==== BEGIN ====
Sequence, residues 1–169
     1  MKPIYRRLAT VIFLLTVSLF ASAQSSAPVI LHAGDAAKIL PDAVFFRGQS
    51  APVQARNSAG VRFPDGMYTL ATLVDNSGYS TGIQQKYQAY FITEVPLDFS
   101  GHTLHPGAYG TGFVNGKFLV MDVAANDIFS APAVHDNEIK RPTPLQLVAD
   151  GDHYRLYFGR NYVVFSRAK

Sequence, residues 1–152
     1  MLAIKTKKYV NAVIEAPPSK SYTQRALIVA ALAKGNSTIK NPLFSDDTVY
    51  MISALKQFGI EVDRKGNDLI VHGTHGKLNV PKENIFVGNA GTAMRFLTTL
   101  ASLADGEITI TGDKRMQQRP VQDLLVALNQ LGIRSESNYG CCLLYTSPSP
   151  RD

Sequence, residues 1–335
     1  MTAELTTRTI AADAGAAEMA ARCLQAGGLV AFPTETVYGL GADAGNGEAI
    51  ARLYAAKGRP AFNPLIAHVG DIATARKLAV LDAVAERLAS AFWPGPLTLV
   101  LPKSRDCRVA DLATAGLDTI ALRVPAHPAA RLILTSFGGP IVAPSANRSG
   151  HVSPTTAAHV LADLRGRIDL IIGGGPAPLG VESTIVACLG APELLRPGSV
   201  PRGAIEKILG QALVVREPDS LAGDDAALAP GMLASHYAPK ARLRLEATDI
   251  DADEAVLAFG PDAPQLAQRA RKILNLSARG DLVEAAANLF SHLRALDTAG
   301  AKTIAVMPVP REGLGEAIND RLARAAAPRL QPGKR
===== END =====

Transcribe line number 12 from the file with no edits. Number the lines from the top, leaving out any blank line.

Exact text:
     1  MTAELTTRTI AADAGAAEMA ARCLQAGGLV AFPTETVYGL GADAGNGEAI